This month of Halloween, I've heard on the blogosphere many comments about how much fun it is to dress up, and when do you ever get to do that, if not on Halloween?
I want to show by some pictures that you can make plenty of opportunities for costume-making and wearing, while pretty much ignoring Halloween.
You can have a costume party, plain and simple, as a young woman I know does yearly. One year several pirates attended.
We had at least one birthday party that was a costume party. I asked the parents not to send the children in Halloween themes, and one came as a witch anyway, but it didn't detract from the fun the other children children had impersonating a bunny or Bo-Peep. The cowgirl was the guest of honor.
Along with a few other homeschooling families, we used to organize International Meals periodically, where each parent and child attending would not only bring a typical dish of his chosen nation, and give a brief report on that country, but would dress in an often makeshift costume.
This brother and sister were representing Scotland.
Our most inspiring costume event, though, was the yearly Cloud of Witnesses Day. This was my invention that expanded on Reformation Day festivities held by some fellow homeschoolers. October 31st happens to be the date that Martin Luther posted his 95 Theses on the Wittenburg door, so dressing up as Reformation characters was a very appropriate and educational activity.
Even then I didn't take to the idea of narrowing our study of our forefathers and mothers in the faith to that particular era and group of Christians, so I devised a celebration of the "cloud of witnesses" mentioned in the Book of Hebrews.
The guests, often other homeschooling families, including the adults, would come in costume of someone from the past, even recent past, who had lived a life of faith. They might be in the Bible or in more modern history. (This is Joseph in his "coat of many colors," a.k.a. his father's childhood bathrobe.)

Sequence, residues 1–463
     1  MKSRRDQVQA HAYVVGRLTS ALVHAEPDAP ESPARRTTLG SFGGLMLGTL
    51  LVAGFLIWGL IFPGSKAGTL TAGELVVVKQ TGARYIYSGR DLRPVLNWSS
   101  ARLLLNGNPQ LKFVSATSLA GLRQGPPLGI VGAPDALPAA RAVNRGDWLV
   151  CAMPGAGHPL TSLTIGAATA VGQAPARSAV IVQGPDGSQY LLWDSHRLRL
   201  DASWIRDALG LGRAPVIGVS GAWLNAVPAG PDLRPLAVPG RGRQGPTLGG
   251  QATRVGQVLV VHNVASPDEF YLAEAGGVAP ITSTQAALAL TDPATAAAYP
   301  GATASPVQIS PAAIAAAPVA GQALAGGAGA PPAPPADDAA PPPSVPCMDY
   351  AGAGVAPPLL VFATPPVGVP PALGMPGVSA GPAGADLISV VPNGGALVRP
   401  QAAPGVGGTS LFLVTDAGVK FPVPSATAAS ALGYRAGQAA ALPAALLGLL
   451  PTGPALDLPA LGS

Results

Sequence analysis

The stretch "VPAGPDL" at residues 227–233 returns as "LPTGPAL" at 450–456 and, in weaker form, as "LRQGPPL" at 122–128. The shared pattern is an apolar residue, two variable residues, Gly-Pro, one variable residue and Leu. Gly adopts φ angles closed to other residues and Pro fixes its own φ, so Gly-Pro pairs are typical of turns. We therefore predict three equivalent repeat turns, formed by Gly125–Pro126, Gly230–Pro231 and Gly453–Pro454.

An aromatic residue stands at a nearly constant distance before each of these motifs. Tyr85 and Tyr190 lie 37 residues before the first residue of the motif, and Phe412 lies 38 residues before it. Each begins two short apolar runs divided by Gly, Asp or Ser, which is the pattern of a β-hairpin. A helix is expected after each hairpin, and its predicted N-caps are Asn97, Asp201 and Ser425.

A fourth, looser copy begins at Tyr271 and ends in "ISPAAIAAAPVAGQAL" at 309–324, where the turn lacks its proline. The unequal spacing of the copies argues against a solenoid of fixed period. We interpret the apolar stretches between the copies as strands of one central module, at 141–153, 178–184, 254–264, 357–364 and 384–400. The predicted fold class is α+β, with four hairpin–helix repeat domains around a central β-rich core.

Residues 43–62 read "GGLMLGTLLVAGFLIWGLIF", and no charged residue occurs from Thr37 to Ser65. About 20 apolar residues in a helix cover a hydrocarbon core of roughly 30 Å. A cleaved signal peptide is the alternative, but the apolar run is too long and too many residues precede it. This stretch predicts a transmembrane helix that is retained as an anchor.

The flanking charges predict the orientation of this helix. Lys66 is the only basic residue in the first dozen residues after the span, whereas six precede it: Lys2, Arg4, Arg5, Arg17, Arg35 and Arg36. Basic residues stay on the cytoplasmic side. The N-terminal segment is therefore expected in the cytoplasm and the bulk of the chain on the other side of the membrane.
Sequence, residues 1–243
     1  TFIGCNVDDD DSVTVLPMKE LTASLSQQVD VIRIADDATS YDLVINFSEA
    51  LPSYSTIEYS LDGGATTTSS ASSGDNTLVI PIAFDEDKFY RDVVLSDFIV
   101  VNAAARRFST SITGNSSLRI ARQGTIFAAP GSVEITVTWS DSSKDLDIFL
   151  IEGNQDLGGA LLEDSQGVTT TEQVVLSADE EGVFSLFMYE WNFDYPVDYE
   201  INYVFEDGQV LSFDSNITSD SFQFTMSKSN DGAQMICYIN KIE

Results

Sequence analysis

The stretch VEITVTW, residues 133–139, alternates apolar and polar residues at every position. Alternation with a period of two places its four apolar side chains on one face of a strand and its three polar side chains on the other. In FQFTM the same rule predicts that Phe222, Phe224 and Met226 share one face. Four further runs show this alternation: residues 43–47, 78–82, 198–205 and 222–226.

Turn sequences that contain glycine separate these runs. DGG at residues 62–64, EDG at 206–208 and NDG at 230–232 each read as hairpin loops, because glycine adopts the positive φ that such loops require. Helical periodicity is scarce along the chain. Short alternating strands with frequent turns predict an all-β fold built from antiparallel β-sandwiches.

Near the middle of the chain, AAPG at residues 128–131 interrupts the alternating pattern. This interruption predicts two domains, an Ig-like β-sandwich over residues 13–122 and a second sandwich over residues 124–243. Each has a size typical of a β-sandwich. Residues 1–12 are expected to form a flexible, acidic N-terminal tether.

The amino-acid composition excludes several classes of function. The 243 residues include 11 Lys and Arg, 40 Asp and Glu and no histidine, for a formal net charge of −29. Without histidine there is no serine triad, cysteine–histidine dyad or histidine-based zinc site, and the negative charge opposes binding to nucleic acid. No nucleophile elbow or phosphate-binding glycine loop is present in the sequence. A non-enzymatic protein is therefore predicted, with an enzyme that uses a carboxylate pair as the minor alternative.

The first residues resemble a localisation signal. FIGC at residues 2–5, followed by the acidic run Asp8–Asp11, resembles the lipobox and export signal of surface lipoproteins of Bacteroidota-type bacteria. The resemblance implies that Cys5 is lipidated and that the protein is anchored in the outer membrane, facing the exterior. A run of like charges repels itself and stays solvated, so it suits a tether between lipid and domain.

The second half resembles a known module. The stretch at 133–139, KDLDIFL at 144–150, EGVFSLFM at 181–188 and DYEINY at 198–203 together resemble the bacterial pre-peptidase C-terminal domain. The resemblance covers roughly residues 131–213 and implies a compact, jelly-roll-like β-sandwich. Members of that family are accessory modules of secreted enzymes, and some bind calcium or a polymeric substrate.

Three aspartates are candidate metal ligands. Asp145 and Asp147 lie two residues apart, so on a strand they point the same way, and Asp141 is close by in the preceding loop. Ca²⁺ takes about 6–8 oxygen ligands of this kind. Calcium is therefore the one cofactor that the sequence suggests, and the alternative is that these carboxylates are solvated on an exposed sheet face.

We enjoyed a simple meal of soup and bread together, while remembering those in prison for their faith. Reports were given on the characters each had chosen. Miriam, pictured here, was able to say, "I am Miriam. I take care of my baby brother Moses." Joseph was excused from having to give a report.
Over the years we had re-enactments of Bible stories in which each member of one family would take a character, as in "The Macedonian call" story. Once a couple of parents took on the characters of Martin and Katharine Luther; Martin expounded on his theology and Katharine on the more practical aspects of their married life. One boy made a wig with cotton balls so he could look more like Johann Sebastian Bach.
I worked symbolism into all the evening's activities, such as milk and honey to remind us of the sweetness of Christ. Justin Martyr, at left, had tea with his cookies instead, at the end of the program.
Everyone held candles ( an unusual treat for our Protestant children) while we sang hymns and songs about the Church and how our lights and strength combined are brighter and more powerful than alone.
It's obvious in hindsight that in all my talk of the theoretical "universal" church, and wanting us to see ourselves as part of the historic family of faith, I was longing for the Orthodox Church and didn't know it. Even so, everyone had a great time learning a little better what the Church is, by having this costume fun together.